A rail improvement programme will help transform services in the Midlands and northern England, the government has said ahead of the expected scrapping of part of the HS2 scheme.
Local service upgrades, bringing faster journeys, will happen up to 10 years earlier than planned, ministers say.
The plan will cost £96bn, but only half of that is thought to be new money.
It comes as businesses reacted angrily to reports the East Midlands-Leeds HS2 high-speed line would not be built.
However, campaigners against the HS2 have said they are “elated” by the reports.
Transport Secretary Grant Shapps will unveil the plans this morning.
Speaking to the BBC, Deputy Prime Minister Dominic Raab denied that the government was rowing back on promises to “level up” the country with HS2.
He called the new plan “good for the whole country”, adding: “We are entirely delivering on the aspiration and ambition of the levelling up agenda.”
The Department for Transport (DfT) says its Integrated Rail Plan (IRP) will improve journey times and capacity “from London and across the Pennines” and “strengthen connections between major cities in the North and Midlands”.
HS2 was originally meant to connect London with the city centres of Birmingham, Manchester and Leeds. But sources have told the BBC that the eastern leg to Leeds is set to be scrapped.
Writing in the Yorkshire Post, Mr Johnson appears to confirm reports that a shorter high-speed route will be created from Birmingham to East Midlands Parkway, with the HS2 trains then running up as far as Sheffield on mainline tracks.
In his article Mr Johnson wrote: “HS2 will come to Sheffield, meaning a trip to or from London will take just one hour 27 minutes – precisely the same as under the old HS2 plans.
“We’ll look at how to get HS2 to Leeds too, with a new study on the best way to make it happen.
“But high-speed rail is grindingly slow to build. Under the original blueprint, first drawn up more than a decade ago, Yorkshire would have not have seen the benefits of our investment until at least the 2040s. Levelling up can’t wait that long.”
The government is also expected to put money aside to explore setting up a tram service for Leeds and spend £360m on contactless ticketing across commuter rail networks.
The IRP was initiated after the 2020 Oakervee Review into major transport schemes including HS2 and Northern Powerhouse Rail (NPR).
But the prime minister has come under pressure recently over claims the government intends to “water down” planned rail upgrades.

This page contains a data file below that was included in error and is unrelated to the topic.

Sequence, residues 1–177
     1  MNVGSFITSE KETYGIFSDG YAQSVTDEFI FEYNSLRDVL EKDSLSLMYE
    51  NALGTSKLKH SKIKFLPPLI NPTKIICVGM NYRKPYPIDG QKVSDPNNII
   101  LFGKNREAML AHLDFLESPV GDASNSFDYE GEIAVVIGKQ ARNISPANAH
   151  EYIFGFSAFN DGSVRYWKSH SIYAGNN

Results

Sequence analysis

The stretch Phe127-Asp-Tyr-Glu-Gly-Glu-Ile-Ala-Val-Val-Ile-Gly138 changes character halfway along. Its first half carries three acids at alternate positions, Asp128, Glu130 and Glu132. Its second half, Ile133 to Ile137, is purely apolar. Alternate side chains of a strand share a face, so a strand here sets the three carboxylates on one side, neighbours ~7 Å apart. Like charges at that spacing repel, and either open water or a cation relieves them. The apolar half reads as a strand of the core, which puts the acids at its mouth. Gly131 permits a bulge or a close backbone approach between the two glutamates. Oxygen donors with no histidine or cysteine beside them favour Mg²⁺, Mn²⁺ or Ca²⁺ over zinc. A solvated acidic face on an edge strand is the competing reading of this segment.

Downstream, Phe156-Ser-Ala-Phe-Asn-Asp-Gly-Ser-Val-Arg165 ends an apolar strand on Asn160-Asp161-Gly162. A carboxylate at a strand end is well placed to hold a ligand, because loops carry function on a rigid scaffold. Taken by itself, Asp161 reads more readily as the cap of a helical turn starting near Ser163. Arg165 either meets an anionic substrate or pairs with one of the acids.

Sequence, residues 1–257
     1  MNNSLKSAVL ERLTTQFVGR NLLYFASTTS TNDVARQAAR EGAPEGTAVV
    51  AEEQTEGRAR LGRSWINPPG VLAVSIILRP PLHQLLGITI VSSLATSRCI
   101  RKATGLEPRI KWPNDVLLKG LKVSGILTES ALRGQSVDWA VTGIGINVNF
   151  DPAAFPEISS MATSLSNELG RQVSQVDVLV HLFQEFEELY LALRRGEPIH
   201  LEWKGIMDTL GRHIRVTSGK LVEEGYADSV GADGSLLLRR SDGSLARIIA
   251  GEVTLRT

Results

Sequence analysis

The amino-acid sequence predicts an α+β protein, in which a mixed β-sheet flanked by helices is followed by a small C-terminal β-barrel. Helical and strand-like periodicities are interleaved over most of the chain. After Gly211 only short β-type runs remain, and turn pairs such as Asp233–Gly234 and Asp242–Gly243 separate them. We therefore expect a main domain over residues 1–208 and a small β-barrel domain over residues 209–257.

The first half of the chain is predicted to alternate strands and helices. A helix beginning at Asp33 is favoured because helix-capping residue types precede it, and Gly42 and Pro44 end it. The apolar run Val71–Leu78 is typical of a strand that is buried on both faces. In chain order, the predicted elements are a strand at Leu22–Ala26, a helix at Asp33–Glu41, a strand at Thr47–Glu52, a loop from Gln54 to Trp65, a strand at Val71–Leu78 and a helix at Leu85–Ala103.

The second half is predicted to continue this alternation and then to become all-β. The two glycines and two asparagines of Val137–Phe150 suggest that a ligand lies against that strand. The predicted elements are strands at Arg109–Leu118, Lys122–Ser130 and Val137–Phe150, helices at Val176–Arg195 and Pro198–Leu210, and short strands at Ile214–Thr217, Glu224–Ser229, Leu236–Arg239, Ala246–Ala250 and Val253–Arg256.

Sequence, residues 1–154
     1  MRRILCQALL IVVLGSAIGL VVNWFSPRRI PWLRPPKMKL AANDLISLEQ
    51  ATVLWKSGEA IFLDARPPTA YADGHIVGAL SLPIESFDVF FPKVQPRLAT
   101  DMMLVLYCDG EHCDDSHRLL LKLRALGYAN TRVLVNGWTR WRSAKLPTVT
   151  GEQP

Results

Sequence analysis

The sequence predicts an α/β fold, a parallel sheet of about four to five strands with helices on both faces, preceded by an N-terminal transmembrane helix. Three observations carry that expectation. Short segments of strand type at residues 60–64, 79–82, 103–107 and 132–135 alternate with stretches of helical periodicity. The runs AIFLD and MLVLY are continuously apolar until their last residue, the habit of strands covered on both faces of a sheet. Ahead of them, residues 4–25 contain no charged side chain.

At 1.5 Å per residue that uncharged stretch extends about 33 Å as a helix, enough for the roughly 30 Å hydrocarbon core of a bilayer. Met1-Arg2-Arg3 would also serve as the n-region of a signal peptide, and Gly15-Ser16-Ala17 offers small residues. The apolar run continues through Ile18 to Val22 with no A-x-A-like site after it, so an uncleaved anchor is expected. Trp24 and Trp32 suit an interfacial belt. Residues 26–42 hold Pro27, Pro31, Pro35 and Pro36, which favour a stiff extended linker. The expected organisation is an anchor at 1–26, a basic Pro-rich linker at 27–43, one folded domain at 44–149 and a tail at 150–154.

There has been outcry from some politicians and businesses in the north of England at reports that there will not be an entire new fast line between Leeds and Manchester, via Bradford. The improvements to the NPR east-west connections are likely to involve upgrades to existing infrastructure.
Tracy Brabin, Labour Mayor for West Yorkshire, told the BBC: “If what we’re hearing is true, it’s a betrayal of the North and a betrayal of the people I represent.
“It’s going to affect our potential and investment and opportunity, and it’s just not good enough.”
Nick Garthwaite, director of chemical manufacturer Christeyns Ltd in Bradford and vice chair of the West & North Yorkshire Chamber of Commerce, says he is disappointed by the reports that a new line between Manchester and Leeds may not be built.
“I feel the city and its people have been betrayed – we might not get the through railway station that Bradford so desperately needs and indeed was tacitly promised by government over a long period of time,” he told the BBC.
A key concern for businesses in Bradford is trying to attract more talent to come to work there, so not having good transport links is a problem.
“What I’m worried about is that these young talented people in Bradford will be thinking twice about staying in the city,” he said.
Mr Garthwaite said it was likely that businesses would also consider locating new factories in other parts of England.
His concerns seem to be shared by others. A student told the BBC that many young people were now moving away from Bradford and Leeds to live in cities like Nottingham and Manchester, because the transport links were so poor.
“I’m definitely not going to be staying in Leeds or Bradford because it’s not reliable enough,” she said.
Speaking to the PA news agency on Tuesday, Transport Secretary Grant Shapps said: “[People in the North] should definitely feel optimistic.
“Not only are we going to spend a huge amount of money doing this, we are going to deliver it decades before it would have otherwise happened.”
Mr Shapps added that if he had been transport secretary 15 years ago with responsibility for HS2, then “I would have started in the North and moved south, I think that would have made sense”.
He went on: “The Northern Powerhouse Rail, the Midlands Connect – all of those did not exist when HS2 was first mooted, but we are where we are and it’s being built and we need to make sure we connect it all up and that’s what the Integrated Rail Plan intends to achieve.”
“The budget that’s been promised, £96bn, is about £30bn less than the previous plans and what we were being offered. That means real cuts on the eastern leg, real cuts to the new line across the Pennines through Bradford.”
He said it was now vital to ensure better connectivity between Leeds and Sheffield, as the North was “going to lose on that connectivity to the West Midlands and London”.
Mick Whelan, general secretary of train drivers’ union Aslef, accused the government of using “smoke and mirrors” while breaking its promises.
“HS2 was meant to be a world-beater… instead, the Tories are letting us down,” he said.
“This government is a government of broken promises. It has announced Northern Powerhouse Rail an incredible 60 times – and I know because we’ve counted – and now it puts the project in the bin.”